Lung disorders such as pneumonia, silicosis, asbestosis and cystic fibrosis often cause the air sacs or alveoli to fill with fluids comprised of white blood cells, cancer cells, pus, proteins or blood. These substances are called infiltrates. Depending on the severity of the condition, these infiltrates can involve a small area of the lung causing minor symptoms or completely fill an entire region of the lung causing a serious, life-threatening condition.
This bacterial infection not only affects the lungs, but it can affect other parts of the body, as well. According to MedlinePlus, the lungs become severely inflamed causing differing levels of irreversible damage regardless of the treatment 1. Primary symptoms include fever and coughing with mucus production. Pus collects in the pleural space, a condition known as empyema.
- This bacterial infection not only affects the lungs, but it can affect other parts of the body, as well.
- Pus collects in the pleural space, a condition known as empyema.
Acute Respiratory Distress Syndrome
List of Acute Diseases
Acute respiratory distress syndrome, or ARDS, is a serious illness that usually leads to respiratory failure. According to the National Heart Lung and Blood Institute, ARDS is a nonspecific disease related to severe pneumonia, shock, sepsis and trauma 2. ARDS often requires immediate medical intervention because of respiratory insufficiency. As the air sacs fill with fluid from infection, the condition severely reduces the lungs’ ability to collect and distribute oxygen to the cells. The lungs become stiff and difficult to ventilate leading to severe shortness of breath.
- Acute respiratory distress syndrome, or ARDS, is a serious illness that usually leads to respiratory failure.
- The lungs become stiff and difficult to ventilate leading to severe shortness of breath.
A variety of bacteria can cause pneumonia 3. The most common cause of bacterial pneumonia is Streptococcus pneumoniae. Coughing, chest pain, and shortness of breath soon follow as the lungs’ smallest airways and alveoli become inflamed from the infection. According to the University of Maryland Medical Center, the scattered infiltrates reveal a massive influx of white blood cells that attack the invading bacteria, producing pus 3. People with this infection often cough up green or yellow mucus, sometimes streaked with blood.
What Is Basilar Consolidation?
Pulmonary edema is a collection of fluid in the lung tissue and alveoli because of increased pressure within the capillaries, the tiny blood vessels within the lungs, causing them to leak. According to MayoClinic.com, pulmonary edema is most often the result of heart disease and heart failure, kidney failure and hypertension 4. Pulmonary edema can also occur from inhaling toxic gases, from smoke inhalation from severe pneumonia and shock. The lungs fill with frothy, pink-tinged secretions severely limiting a person’s ability to breathe. Without treatment, people can essentially drown in their own secretions.
- Pulmonary edema is a collection of fluid in the lung tissue and alveoli because of increased pressure within the capillaries, the tiny blood vessels within the lungs, causing them to leak.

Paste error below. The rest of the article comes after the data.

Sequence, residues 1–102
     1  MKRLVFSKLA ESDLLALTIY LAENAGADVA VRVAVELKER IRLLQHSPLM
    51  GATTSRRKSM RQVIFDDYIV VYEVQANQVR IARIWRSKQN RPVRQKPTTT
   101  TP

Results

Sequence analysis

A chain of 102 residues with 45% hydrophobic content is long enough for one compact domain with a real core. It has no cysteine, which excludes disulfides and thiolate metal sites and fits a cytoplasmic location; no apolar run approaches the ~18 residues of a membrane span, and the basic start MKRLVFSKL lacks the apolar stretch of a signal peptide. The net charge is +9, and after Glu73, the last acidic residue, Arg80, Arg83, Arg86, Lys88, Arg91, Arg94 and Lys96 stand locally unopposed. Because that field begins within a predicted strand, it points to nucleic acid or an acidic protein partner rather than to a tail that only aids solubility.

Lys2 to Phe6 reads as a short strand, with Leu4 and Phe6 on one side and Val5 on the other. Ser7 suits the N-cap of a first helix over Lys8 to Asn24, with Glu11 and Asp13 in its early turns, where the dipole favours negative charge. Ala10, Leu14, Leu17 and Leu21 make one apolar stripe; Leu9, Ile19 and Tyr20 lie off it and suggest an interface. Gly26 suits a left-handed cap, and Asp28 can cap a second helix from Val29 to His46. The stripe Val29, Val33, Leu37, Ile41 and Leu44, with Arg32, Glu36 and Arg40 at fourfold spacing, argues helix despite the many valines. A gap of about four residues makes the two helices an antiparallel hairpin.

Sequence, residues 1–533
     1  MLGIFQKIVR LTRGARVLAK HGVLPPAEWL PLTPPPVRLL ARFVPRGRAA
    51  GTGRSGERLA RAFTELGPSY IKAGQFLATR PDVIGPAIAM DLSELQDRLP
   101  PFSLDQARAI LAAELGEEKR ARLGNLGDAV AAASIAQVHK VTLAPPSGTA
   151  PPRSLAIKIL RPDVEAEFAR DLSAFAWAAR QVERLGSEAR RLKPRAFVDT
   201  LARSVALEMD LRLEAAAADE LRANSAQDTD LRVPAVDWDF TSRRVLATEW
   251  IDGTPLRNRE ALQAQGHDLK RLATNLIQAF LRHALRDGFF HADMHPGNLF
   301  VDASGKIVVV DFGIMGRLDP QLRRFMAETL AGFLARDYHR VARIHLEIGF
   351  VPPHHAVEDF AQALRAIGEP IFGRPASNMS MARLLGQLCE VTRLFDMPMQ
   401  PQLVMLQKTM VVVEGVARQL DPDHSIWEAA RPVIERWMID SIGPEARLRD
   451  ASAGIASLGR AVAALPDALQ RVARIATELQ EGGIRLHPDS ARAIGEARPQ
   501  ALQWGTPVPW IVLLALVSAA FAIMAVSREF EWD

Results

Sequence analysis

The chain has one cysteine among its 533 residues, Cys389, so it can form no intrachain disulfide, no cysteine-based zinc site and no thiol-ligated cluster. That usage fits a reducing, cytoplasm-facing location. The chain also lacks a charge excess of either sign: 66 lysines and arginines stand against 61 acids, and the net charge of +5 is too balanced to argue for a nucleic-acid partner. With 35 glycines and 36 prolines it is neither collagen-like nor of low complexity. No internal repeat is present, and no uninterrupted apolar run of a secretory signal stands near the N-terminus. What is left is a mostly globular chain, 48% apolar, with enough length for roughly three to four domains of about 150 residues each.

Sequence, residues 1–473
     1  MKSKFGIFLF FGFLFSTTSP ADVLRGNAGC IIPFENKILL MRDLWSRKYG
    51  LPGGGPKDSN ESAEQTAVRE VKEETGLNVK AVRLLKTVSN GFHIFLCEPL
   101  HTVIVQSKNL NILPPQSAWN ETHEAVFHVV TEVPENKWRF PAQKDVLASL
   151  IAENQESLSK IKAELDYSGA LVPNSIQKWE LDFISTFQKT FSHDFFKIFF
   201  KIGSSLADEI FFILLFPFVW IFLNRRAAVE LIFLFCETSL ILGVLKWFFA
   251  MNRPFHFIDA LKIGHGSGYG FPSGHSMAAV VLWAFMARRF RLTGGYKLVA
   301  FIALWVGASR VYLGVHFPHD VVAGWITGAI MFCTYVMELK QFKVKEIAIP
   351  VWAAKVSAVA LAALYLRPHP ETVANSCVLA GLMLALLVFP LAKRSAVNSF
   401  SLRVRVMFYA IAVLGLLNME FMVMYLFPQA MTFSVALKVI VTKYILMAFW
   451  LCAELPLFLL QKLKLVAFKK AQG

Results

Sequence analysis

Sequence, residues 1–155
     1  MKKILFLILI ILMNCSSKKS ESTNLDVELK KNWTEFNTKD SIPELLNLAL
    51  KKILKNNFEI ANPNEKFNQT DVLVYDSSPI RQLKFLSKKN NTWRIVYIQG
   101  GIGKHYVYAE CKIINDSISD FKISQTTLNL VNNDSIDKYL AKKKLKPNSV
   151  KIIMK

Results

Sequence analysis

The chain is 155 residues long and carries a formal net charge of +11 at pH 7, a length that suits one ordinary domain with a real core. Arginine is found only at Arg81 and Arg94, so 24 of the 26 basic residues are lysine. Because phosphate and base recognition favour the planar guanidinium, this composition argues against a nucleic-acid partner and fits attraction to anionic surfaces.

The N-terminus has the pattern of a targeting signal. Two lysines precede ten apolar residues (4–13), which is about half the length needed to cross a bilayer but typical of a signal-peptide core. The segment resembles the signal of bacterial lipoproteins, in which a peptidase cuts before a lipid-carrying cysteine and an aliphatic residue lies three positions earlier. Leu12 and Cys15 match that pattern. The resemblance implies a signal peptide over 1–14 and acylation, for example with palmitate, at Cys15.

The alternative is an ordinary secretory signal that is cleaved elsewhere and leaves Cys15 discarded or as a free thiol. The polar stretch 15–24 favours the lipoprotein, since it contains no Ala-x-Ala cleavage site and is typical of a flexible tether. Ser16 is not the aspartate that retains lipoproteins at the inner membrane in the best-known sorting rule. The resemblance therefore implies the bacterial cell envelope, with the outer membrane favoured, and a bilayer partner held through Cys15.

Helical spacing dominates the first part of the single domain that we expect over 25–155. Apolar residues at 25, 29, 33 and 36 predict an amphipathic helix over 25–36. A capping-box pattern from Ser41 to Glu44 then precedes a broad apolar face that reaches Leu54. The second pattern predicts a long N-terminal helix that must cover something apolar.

- According to MayoClinic.com, pulmonary edema is most often the result of heart disease and heart failure, kidney failure and hypertension 4.
List of Acute Diseases
What Is Basilar Consolidation?
Signs and Symptoms of Varicella Pneumonia
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Atelectasis Vs. Scarring
Pancreatic Cancer & Fluid Buildup in the Lungs
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Breathing Problems Caused by Exposure to Toxic Mold
- MedlinePlus: Actinomycosis
- National Heart Lung and Blood Institute: What is ARDS?
- University of Maryland Medical Center: Pneumonia
- MayoClinic.com: Pulmonary Edema, Definition
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- Sweeney RM, McAuley DF. Acute respiratory distress syndrome. Lancet. 2016;388(10058):2416-2430. doi:10.1016/S0140-6736(16)00578-X
- Saguil A, Fargo M. Acute respiratory distress syndrome: diagnosis and management. Am Fam Physician. 2020;101(12):730-738.
- Máca J, Jor O, Holub M, et al. Past and present ARDS mortality rates: A systematic review. Respir Care. 2017;62(1):113-122. doi:10.4187/respcare.04716
- Papazian L, Calfee CS, Chiumello D, et al. Diagnostic workup for ARDS patients. Intensive Care Med. 2016;42(5):674-685. doi:10.1007/s00134-016-4324-5
- Marchetti N. Acute respiratory distress syndrome (ARDS). American College of Chest Physicians. Updated May 6, 2020.
- American Lung Association. ARDS symptoms and diagnosis. Updated March 24, 2020.
- Cleveland Clinic. Acute respiratory distress syndrome (ARDS): Diagnosis and tests. Updated June 20, 2020.
- National Heart, Lung, and Blood Institute. Ventilator/ventilator support.
- Peck TJ, Hibbert KA. Recent advances in the understanding and management of ARDS. F1000Res. 2019;8:F1000 Faculty Rev-1959. doi:10.12688/f1000research.20411.1
- Matthay MA, Zemans RL, Zimmerman GA, et al. Acute respiratory distress syndrome. Nat Rev Dis Primers. 2019;5(1):18. doi:10.1038/s41572-019-0069-0
- Henderson LA, Canna SW, Schulert GS, et al. On the alert for cytokine storm: immunopathology in COVID-19. Arthritis Rheumatol. 2020;72(7):1059-1063. doi:10.1002/art.41285
- So C, Ro S, Murakami M, Imai R, Jinta T. High-dose, short-term corticosteroids for ARDS caused by COVID-19: a case series. Respirol Case Rep. 2020;8(6):e00596. doi:10.1002/rcr2.596
Based in Atlanta, Valerie Liles has been writing about landscape and garden design since 1980. As a registered respiratory therapist, she also has experience in family health, nutrition and pediatric and adult asthma managment. Liles holds a Bachelor of Arts in journalism from Colorado State University and a Master of Science in technical communication from the University of Colorado.